Friday, May 25, 2018

Memo From the RTC: Mansplaining in “Lovers and Other Strangers”

My final column on Lovers and Other Strangers, a comedy - of sorts - but really with a serious tone about underlying relationships. Written by Renee Taylor and Joseph Bologna in the late 60's- early 70's - the more times I saw it the deeper it seemed. It even brings up an interesing twist of the use of metoo. We were honored to have Renee Taylor at the May 12 performance.

Memo From the RTC: Mansplaining in “Lovers and Other Strangers”
By Norm Scott

Mansplaining (a blend of the word man and the informal form splaining of the verb explaining) means "(of a man) to comment on or explain something to a woman in a condescending, overconfident, and often inaccurate or oversimplified manner"… Wikipedia

As I watched the final performance of the RTC production of “Lovers and Other Strangers” at a sold out house packed with seniors who laughed themselves silly because they got most of the references from the last-60s, early 70s time period, I realized that in each of the five vignettes, a common thread that ran through them all was a guy working very hard to manipulate a gal. The opening sequence has Jerry, having just picked up Brenda at Maxwell’s Plum, doing what he can to get her into bed – until she turns the tables on him.

Next comes married Hal, having an affair with Cathy who wants him to leave his wife and marry her, trying to have his cake and eat it too. Hal twists every bit of logic to convince Cathy not to get married and remain his mistress, evincing outrage that she might cheat on him and finally deferring blame to the guy she is dating for their situation.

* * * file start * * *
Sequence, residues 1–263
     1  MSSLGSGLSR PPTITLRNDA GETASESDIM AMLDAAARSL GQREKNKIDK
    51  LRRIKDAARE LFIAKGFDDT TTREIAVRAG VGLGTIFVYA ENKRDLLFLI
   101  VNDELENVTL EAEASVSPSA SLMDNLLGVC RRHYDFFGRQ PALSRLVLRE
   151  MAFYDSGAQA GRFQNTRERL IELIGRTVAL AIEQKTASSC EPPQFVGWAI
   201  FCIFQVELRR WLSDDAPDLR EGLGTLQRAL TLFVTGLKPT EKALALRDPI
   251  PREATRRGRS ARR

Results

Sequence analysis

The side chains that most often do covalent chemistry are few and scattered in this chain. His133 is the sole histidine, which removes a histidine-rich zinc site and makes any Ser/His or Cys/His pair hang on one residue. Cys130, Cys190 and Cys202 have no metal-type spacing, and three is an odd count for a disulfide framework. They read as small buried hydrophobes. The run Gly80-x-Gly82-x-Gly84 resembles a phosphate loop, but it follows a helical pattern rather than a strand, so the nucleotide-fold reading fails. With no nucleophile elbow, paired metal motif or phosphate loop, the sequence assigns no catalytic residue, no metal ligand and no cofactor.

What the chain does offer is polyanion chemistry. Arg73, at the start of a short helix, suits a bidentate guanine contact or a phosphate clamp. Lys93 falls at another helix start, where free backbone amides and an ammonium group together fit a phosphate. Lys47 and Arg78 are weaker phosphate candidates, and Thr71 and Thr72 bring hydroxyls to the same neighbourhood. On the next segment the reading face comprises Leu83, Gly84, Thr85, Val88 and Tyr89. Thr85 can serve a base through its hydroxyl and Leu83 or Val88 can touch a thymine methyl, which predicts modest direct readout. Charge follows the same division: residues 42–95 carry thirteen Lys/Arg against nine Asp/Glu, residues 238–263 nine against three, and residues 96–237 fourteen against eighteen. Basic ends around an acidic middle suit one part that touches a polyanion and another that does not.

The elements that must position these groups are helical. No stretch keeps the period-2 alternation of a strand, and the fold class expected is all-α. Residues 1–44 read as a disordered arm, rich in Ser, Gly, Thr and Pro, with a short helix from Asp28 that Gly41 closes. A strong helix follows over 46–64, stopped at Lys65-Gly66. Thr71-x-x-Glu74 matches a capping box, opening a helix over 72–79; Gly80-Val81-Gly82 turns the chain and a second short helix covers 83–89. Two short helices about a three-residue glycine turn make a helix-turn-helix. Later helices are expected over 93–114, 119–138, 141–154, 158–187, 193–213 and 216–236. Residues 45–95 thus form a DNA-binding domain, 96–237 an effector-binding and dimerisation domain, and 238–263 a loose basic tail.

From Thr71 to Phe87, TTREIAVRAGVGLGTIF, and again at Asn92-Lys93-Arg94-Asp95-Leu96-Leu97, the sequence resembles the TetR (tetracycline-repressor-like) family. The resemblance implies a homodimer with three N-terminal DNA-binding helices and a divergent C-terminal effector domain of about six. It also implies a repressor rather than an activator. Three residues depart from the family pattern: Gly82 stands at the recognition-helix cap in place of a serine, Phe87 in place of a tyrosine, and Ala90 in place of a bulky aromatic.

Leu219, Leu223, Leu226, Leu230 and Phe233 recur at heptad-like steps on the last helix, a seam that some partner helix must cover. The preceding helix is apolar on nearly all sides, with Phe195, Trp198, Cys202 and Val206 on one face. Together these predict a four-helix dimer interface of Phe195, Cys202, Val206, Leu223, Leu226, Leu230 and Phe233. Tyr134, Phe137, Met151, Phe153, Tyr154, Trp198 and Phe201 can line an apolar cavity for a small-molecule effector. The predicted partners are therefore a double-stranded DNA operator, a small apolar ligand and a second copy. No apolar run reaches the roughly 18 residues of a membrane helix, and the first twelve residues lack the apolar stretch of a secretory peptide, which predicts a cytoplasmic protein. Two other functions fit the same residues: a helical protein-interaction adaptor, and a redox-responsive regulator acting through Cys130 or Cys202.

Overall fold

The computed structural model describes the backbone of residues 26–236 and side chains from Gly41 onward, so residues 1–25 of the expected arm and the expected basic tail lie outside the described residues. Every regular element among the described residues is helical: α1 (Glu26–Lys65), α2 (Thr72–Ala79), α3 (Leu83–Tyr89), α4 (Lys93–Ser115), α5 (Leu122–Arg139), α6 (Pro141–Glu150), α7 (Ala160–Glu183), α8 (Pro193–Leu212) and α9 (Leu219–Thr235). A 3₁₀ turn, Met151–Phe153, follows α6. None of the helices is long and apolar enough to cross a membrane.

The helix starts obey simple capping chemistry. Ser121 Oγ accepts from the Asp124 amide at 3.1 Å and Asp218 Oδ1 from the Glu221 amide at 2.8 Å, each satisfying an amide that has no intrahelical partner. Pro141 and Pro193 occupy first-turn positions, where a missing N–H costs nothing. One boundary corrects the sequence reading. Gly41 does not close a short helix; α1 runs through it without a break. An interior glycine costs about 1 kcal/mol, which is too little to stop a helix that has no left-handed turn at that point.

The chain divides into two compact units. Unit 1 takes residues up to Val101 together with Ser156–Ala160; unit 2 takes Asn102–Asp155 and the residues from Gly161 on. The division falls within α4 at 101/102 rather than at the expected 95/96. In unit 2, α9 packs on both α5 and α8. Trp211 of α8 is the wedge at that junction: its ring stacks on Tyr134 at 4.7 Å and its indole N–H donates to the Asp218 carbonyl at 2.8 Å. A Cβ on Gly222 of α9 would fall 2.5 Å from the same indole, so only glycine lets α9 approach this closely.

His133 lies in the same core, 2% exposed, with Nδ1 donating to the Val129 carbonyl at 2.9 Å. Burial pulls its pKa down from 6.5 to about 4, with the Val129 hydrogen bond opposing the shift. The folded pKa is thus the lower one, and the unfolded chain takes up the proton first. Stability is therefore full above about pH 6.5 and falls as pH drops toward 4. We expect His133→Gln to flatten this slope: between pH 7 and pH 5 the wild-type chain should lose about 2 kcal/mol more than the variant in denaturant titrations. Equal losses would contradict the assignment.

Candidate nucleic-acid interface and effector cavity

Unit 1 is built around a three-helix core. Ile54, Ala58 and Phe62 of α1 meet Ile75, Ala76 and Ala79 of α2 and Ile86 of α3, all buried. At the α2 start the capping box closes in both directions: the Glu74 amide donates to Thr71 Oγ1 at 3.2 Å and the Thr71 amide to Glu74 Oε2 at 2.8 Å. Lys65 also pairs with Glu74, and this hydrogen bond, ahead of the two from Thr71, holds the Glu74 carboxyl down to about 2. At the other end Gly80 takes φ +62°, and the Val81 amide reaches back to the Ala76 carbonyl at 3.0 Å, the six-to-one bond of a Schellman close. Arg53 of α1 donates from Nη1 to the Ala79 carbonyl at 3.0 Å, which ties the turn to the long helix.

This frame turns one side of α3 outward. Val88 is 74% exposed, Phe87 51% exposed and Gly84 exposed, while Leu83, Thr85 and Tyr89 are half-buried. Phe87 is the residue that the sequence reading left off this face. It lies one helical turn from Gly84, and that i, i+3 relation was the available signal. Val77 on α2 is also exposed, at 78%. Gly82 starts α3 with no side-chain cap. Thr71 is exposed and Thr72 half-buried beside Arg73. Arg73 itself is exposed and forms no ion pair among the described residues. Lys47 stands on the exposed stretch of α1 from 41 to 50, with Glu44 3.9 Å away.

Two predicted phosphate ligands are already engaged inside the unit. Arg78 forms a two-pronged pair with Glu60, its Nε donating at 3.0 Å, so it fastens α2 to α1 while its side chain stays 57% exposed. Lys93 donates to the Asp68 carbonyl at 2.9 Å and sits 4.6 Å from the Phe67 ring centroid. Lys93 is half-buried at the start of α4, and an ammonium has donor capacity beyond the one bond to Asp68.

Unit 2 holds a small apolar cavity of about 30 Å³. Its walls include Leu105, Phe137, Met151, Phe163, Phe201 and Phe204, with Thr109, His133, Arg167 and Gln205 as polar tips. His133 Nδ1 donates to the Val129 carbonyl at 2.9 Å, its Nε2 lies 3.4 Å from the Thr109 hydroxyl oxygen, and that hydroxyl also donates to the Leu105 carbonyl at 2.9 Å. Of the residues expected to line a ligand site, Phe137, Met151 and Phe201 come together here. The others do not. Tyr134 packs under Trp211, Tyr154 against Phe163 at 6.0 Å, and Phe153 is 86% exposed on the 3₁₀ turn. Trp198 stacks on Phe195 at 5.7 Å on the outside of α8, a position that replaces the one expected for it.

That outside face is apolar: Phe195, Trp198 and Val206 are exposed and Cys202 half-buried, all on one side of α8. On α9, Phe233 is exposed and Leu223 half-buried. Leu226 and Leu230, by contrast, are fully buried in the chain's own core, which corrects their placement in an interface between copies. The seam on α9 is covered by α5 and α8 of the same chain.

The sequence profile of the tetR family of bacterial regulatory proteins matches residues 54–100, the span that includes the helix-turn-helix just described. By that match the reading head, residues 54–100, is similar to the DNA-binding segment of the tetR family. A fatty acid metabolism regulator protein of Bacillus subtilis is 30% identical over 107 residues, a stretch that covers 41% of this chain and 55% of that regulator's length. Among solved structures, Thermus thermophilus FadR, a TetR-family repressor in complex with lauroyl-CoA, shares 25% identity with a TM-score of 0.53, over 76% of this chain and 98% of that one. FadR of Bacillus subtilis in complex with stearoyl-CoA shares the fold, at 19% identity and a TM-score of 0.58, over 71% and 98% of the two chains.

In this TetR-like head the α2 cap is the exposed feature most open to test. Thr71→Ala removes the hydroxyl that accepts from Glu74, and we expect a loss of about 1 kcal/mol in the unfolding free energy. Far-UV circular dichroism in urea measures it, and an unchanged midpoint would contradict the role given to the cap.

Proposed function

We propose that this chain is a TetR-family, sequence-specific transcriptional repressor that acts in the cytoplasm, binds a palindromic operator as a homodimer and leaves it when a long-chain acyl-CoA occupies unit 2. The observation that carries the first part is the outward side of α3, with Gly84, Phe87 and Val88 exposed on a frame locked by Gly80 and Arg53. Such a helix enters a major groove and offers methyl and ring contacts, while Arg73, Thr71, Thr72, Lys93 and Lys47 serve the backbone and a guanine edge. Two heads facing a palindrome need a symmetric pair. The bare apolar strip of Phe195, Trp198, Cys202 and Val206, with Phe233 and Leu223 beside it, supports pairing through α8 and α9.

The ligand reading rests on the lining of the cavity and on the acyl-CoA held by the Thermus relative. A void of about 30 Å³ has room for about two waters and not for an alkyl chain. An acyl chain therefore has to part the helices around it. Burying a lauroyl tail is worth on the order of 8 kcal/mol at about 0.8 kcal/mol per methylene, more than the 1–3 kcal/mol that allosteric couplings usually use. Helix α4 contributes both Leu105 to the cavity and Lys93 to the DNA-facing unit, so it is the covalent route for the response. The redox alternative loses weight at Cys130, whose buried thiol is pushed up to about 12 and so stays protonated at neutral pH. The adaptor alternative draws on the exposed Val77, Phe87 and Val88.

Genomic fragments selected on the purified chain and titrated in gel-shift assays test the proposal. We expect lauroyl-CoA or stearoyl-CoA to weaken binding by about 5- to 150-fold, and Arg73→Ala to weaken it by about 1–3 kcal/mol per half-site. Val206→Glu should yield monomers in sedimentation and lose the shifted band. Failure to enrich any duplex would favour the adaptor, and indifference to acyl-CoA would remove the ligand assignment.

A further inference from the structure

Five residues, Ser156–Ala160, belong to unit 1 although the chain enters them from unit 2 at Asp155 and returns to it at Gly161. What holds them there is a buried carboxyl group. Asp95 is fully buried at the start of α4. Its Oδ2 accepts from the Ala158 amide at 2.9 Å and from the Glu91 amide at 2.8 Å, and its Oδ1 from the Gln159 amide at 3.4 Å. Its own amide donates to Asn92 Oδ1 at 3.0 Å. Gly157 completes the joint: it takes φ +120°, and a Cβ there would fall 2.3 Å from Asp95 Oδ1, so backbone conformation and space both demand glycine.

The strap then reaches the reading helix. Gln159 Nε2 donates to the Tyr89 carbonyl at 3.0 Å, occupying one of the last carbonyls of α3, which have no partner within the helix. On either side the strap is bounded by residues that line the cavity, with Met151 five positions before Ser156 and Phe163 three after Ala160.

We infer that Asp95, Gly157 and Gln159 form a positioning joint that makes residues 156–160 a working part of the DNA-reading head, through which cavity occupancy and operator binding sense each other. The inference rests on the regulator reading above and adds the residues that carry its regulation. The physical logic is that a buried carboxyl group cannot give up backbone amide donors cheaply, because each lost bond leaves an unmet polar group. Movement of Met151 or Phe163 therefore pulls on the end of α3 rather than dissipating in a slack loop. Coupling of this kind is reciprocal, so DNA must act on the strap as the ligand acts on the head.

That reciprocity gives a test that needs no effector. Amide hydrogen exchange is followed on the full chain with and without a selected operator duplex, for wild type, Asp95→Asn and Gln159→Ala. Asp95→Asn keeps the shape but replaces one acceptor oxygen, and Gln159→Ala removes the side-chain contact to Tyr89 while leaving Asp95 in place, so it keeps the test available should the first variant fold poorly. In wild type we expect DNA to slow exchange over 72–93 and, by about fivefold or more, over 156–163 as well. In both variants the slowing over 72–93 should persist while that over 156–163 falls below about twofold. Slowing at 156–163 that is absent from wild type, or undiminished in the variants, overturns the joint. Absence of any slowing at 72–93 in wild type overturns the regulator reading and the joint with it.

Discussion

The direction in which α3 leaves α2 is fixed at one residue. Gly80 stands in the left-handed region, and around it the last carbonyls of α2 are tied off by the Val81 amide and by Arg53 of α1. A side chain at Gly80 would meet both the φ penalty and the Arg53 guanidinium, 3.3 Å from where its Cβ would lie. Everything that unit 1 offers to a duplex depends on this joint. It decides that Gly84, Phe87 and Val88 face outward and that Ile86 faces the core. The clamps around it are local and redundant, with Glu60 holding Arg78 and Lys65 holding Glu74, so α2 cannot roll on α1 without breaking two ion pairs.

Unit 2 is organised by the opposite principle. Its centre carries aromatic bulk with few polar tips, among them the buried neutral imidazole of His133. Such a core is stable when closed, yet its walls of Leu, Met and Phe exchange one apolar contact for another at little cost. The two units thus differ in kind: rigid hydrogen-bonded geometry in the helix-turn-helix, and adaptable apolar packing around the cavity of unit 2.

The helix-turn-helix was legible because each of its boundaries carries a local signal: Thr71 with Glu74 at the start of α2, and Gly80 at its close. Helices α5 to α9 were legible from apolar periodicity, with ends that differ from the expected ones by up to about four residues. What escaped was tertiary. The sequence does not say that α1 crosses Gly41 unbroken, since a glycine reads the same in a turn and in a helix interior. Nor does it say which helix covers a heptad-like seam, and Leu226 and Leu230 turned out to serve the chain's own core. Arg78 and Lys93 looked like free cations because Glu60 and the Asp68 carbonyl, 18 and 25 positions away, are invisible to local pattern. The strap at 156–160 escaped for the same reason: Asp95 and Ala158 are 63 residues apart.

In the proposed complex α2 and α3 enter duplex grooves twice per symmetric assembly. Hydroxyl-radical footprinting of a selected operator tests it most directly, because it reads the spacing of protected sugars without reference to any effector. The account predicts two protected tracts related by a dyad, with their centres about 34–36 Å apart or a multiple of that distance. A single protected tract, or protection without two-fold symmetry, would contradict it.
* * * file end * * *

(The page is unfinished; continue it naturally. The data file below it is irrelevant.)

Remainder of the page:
The third scene has long-time married couple Johnny and Wilma going to bed. She wants sex. He doesn’t. A battle of man vs woman ensues with Johnny complaining that she has robbed him of his masculinity and absolving himself of all blame. After a battle she soothes his spirit – with no little mockery – and they still don’t have sex. I heard some women in the audience commenting how glad they are not to be married.

The fourth scene features an engaged young couple, with the man, Mike (an excellent Dante Rei), showing up at fiancé Susan’s apartment at 4 in the morning whining about how he wants to break their engagement since getting married is too much pressure on him. Susan’s reactions consist of tossing her flaming red hair and making facial gestures (a tribute to the acting talents of Adele Wendt), until she finally lures him out of his mood by acting as if everything is normal. I wouldn’t give that marriage very long.

Finally, we have married couple Bea and Frank and their son Richie and his wife Joan, who are about to divorce despite Bea and Frank’s heavy handed attempts to talk them out of it. Frank and Bea are not happy but tell the young couple happiness doesn’t matter. “If you try too hard to be happy, you only end up miserable,” says Bea. Frank, who cheated at one time, doesn’t take any blame but places it on Bea’s sister Pauline for telling her.

Now, let’s point out that these stories are not just a one way street as all the women play some role in their situation. Is there such a thing as womansplaining?

Well, the next show is Nine to Five, directed by Susan Corning who played Cathy. The set is being built and expect a spectacular cast of 30, with more than a few superb dancers, a few who are grads of the LaGuardia school dance program, to blow the roof off when it opens July 13th and runs for three weekends. This show will sell out for sure so check out the website:

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